(His)6 Tag localization affects MatN solubility

Since the level of expression of a recombinant protein can vary when having either an N-term or a C-term (His)6 tag [22], we set to determine the effect of the former modification on the expression of MatN (Fig. 5). C-term (His)6 tag construct prompted a statistically significant increase of soluble endolysin when compared to the N-term bearing construction (p = 0.008).

Fig. 5
figure 5

(His)6 tag orientation on MatN soluble yields. A E. coli C43(DE3) harboring pET-32a N-term- (his)6 MatN or pET-22b C-term-(his)6 MatN were induced at 20 °C by addition of 1 mM IPTG. Cells were harvested after 20 h of incubation with constant shaking and processed to obtain soluble (S) and insoluble (I) fractions. Equivalent protein amounts (10 µg) of each sample were loaded on 12% SDS-PAGE. Upon gel electrophoresis, gels were stained with Coomassie Brilliant Blue R-250 and unstained following standard protocols. A sample of purified N-term-His MatN endolysin (57 kDa) was loaded on P lane. B Total amounts of recombinant endolysin (column height) and the ratio of soluble/insoluble protein (SP, gray dotted pattern; IP, diagonal lines pattern) were calculated after background normalization with ImageJ, open-source image processing software. Endolysin expression and solubility were analyzed in biological triplicates. Error bars represent SD of mean values. *p  <  0.05 (comparison between soluble endolysin ratios)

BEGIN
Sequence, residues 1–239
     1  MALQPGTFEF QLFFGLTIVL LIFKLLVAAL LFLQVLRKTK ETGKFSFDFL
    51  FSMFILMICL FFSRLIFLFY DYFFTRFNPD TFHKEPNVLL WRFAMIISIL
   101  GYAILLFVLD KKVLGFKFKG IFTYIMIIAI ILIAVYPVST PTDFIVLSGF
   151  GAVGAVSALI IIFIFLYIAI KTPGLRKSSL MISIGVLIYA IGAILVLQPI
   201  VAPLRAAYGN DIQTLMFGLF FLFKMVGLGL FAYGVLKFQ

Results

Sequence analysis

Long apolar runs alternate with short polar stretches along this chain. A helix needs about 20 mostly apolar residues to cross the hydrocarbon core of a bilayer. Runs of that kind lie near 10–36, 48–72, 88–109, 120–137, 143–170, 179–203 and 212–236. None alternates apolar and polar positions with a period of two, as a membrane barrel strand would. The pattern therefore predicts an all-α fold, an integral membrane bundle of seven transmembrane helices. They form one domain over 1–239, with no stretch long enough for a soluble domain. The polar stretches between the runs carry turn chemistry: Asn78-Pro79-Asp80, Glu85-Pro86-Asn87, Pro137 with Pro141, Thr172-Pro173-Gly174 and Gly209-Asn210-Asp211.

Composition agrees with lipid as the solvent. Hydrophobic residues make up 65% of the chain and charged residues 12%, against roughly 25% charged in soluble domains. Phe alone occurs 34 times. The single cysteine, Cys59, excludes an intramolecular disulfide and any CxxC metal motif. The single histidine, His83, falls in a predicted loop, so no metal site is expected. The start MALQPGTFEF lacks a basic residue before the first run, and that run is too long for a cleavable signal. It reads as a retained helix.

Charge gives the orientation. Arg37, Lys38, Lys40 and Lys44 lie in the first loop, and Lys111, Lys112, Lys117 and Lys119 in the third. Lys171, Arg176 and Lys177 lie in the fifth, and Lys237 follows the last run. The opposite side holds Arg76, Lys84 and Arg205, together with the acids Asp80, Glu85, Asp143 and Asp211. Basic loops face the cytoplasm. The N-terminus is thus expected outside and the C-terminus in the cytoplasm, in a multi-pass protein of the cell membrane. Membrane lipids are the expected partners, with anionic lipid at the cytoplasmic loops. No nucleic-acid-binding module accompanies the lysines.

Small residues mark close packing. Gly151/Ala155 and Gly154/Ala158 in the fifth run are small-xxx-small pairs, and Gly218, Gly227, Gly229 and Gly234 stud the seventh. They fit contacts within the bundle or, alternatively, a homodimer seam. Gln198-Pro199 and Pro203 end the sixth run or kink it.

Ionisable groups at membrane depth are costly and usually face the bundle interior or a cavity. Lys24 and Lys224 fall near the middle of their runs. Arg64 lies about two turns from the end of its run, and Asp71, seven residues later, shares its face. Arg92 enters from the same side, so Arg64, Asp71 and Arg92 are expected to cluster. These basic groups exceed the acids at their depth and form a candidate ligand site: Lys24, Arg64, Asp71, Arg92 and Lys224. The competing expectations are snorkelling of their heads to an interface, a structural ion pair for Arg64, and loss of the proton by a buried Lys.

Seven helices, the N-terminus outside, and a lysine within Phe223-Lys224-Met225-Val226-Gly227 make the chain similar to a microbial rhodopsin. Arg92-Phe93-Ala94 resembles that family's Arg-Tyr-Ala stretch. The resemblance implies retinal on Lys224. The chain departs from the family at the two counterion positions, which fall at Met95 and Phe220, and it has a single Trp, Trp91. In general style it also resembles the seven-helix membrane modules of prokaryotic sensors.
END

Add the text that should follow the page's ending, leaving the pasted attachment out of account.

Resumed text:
Co-expression of chaperone proteins does not improve yields of soluble endolysin

Expression of proteins acting as chaperones during translation has been a field of research for several years, both at the level of understanding fundamental processes of native protein production in different biological systems as well as a way to increase the stability of recombinant proteins in various expression systems [23]. Chaperone proteins would help stabilize nascent polypeptides facilitating their correct folding into mature proteins. The availability of cloned sets of chaperones (DnaK and GroEL) in a plasmid compatible with our expression vector led us to test their co-expression along with our chosen endolysin clones. Our results showed that even when the mentioned chaperones were co-expressed with the endolysins MatN and Cg, a meager increase in the solubility of MatN and no noticeable increase in the solubility of Cg was seen (Fig. 6).

Fig. 6
figure 6